Q. How many startups have you already invested in through Survam?

A: 18.

Q. Are you a board member across any of these startups?

A: We don't take board seats. We are board observers. In fact, in the earlier ones we were not but in the last two years, what we have done is that we have taken a lot of rights and we have become board observers.

Q. Why is that important?

A: We also had experiences. I do not want to name but there were one or two companies where it didn't play out as expected and without having any rights, it was becoming sort of a black box. We had no idea what was happening on the board. We were not getting enough information or update.

Q. What are the rights we are talking about here?

A: Essentially information rights, board observer, affirmative voting rights, etc.

Q. So, fair to say it took you some time to realise how important it was for investors to keep their rights robust so that they are not taken lightly?

A: Correct, because at the end of the day if you look at a pre-Series A, investors are investing behind the founders. Unlike the public markets where you can take an exit and walk off, here your say is very limited. If a thing is going well, everybody is happy; when things go bad that's when the problem starts. That is the time when you really want to know what happened, is there any way you can help out. Otherwise when things are well then it is all fun and game.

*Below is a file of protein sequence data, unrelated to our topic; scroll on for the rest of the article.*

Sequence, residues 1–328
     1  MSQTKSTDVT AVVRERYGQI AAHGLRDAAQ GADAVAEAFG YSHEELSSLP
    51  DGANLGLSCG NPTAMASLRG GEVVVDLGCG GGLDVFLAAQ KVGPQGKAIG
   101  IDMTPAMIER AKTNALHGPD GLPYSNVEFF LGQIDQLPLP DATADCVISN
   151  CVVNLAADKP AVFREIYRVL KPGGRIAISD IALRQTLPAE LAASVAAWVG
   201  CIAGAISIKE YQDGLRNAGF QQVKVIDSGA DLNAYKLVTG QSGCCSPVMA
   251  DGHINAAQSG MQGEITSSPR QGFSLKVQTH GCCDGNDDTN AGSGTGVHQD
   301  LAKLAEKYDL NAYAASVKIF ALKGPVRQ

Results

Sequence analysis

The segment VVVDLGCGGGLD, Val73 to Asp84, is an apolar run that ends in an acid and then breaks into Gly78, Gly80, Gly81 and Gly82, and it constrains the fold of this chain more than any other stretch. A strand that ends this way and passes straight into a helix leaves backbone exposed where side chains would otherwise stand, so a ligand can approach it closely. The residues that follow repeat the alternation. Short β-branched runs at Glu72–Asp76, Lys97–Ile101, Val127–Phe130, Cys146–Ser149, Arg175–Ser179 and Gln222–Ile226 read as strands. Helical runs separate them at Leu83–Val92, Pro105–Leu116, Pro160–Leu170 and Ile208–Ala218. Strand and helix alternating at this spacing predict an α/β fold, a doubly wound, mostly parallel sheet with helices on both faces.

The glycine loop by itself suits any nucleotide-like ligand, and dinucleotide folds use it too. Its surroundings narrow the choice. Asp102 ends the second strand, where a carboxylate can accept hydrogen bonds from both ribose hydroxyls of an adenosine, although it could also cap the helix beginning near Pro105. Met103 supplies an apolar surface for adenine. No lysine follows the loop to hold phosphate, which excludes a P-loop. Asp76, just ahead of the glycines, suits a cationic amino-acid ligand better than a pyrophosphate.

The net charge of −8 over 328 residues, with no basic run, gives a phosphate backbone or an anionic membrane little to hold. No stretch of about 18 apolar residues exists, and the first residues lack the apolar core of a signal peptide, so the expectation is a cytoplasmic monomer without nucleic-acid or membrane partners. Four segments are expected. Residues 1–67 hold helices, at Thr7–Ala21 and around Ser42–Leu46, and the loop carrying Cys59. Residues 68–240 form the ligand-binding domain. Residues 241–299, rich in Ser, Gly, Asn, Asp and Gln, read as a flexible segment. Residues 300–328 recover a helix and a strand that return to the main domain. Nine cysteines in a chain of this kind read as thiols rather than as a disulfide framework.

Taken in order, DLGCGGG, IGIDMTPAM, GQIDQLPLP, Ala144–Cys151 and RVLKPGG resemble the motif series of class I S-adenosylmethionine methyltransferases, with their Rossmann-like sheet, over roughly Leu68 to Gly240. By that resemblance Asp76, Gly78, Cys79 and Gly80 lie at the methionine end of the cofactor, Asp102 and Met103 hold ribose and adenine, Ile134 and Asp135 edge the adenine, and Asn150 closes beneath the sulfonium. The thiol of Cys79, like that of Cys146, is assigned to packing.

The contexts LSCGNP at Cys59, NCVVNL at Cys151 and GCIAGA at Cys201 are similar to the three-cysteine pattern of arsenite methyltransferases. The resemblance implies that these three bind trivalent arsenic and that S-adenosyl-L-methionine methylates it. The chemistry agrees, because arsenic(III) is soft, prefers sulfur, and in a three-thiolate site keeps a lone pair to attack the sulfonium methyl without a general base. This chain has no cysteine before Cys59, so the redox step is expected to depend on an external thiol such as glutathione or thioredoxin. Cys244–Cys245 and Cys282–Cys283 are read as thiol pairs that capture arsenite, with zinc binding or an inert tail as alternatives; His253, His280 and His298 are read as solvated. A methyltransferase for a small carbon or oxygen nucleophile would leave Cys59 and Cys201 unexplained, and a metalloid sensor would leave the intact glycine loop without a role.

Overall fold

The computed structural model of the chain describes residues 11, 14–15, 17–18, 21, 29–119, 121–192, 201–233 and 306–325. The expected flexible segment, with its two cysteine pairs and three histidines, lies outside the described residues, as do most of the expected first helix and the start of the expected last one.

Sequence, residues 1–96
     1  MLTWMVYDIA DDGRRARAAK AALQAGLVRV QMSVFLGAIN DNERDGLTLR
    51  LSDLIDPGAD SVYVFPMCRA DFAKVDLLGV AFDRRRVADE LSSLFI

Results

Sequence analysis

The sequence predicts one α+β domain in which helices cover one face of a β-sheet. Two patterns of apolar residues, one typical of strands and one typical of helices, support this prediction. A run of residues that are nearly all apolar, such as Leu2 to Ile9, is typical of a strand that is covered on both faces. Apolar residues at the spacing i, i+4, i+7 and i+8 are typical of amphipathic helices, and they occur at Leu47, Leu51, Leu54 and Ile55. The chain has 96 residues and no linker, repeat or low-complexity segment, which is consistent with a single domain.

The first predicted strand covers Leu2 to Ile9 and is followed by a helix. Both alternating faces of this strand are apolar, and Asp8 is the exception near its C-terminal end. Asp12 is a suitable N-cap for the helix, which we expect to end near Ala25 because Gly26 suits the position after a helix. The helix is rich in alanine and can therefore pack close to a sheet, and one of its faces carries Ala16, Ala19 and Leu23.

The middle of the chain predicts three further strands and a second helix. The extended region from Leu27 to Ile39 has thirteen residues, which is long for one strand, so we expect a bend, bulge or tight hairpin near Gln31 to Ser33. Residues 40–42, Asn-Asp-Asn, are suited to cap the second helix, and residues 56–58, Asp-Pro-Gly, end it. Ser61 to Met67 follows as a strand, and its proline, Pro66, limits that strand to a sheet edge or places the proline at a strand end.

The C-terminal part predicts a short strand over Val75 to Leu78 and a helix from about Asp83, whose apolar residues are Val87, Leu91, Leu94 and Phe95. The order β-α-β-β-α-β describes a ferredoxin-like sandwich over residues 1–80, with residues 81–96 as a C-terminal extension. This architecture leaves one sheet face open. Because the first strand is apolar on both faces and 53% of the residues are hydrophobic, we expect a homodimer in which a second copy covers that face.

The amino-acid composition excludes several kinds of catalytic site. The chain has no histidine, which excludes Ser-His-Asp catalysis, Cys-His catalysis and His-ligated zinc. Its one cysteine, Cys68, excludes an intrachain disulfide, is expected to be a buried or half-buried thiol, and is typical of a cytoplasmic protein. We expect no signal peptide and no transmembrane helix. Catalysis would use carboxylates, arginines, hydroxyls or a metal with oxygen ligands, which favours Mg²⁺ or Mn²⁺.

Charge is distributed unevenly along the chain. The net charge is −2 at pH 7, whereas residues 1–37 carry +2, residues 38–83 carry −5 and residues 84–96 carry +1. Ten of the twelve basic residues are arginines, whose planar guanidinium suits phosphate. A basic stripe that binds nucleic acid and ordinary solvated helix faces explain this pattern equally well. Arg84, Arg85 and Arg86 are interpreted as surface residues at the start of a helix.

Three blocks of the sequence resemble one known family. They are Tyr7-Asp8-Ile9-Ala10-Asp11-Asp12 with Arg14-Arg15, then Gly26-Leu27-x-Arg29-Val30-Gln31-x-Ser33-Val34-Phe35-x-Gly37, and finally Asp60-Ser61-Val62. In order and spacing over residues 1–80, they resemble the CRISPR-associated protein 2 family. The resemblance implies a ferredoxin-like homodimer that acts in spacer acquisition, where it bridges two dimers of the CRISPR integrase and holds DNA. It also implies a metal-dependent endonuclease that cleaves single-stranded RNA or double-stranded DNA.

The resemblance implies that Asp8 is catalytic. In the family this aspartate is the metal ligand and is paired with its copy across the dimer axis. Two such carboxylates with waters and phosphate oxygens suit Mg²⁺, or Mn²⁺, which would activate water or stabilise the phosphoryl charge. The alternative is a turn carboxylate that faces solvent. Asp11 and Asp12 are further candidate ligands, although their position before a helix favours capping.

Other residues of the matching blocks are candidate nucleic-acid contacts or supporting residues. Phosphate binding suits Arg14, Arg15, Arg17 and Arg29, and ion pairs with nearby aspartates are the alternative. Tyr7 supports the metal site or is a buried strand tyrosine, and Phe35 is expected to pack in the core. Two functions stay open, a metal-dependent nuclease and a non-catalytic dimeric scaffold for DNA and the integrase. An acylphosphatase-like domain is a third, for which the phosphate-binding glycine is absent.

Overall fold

Q. Are you looking at fresh investments in India right now? And across which all sectors?

A: We are, actually. We have been looking at gaming not just because of COVID but because so far we have not been able to close any opportunity. Then ed-tech is something I am very close to because of the background and the university. So we are closely looking at things there. Because we think ed-tech, gaming and cybersecurity, right now they are hot but these are the trends that are not going to go away.

Q. How many deals are currently active on your table?